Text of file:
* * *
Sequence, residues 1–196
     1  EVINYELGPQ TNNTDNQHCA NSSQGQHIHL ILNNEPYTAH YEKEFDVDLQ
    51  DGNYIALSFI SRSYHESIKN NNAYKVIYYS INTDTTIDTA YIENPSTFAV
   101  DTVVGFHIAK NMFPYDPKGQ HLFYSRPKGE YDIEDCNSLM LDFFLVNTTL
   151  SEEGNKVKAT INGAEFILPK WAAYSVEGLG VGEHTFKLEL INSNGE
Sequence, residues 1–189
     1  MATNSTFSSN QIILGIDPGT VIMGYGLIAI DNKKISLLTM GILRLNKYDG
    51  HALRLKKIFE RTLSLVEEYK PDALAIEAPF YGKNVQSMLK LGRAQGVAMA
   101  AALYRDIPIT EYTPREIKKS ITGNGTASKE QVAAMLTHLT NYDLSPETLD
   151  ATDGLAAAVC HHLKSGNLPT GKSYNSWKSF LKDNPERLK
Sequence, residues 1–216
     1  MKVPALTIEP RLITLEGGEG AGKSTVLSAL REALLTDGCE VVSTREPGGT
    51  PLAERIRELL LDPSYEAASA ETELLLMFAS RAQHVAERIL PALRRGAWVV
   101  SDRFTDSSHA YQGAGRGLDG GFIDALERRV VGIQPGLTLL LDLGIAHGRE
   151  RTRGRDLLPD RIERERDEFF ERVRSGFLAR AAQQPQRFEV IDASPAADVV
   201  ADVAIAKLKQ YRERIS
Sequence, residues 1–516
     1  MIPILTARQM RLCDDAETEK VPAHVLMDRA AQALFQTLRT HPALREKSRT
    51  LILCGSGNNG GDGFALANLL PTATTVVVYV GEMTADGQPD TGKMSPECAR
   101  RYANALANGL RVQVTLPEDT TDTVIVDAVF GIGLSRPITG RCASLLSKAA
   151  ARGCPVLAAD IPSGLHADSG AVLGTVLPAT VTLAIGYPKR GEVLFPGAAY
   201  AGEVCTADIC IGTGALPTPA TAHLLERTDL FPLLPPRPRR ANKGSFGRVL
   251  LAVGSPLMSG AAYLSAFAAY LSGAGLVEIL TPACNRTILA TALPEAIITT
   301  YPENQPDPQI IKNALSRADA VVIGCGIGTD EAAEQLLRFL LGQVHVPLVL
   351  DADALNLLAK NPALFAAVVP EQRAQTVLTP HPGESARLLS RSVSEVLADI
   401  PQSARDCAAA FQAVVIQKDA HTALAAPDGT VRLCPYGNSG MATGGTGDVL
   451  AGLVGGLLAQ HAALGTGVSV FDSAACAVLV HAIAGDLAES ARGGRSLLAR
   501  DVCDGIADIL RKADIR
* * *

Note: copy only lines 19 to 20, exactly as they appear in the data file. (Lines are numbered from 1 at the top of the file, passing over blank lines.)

    51  LILCGSGNNG GDGFALANLL PTATTVVVYV GEMTADGQPD TGKMSPECAR
   101  RYANALANGL RVQVTLPEDT TDTVIVDAVF GIGLSRPITG RCASLLSKAA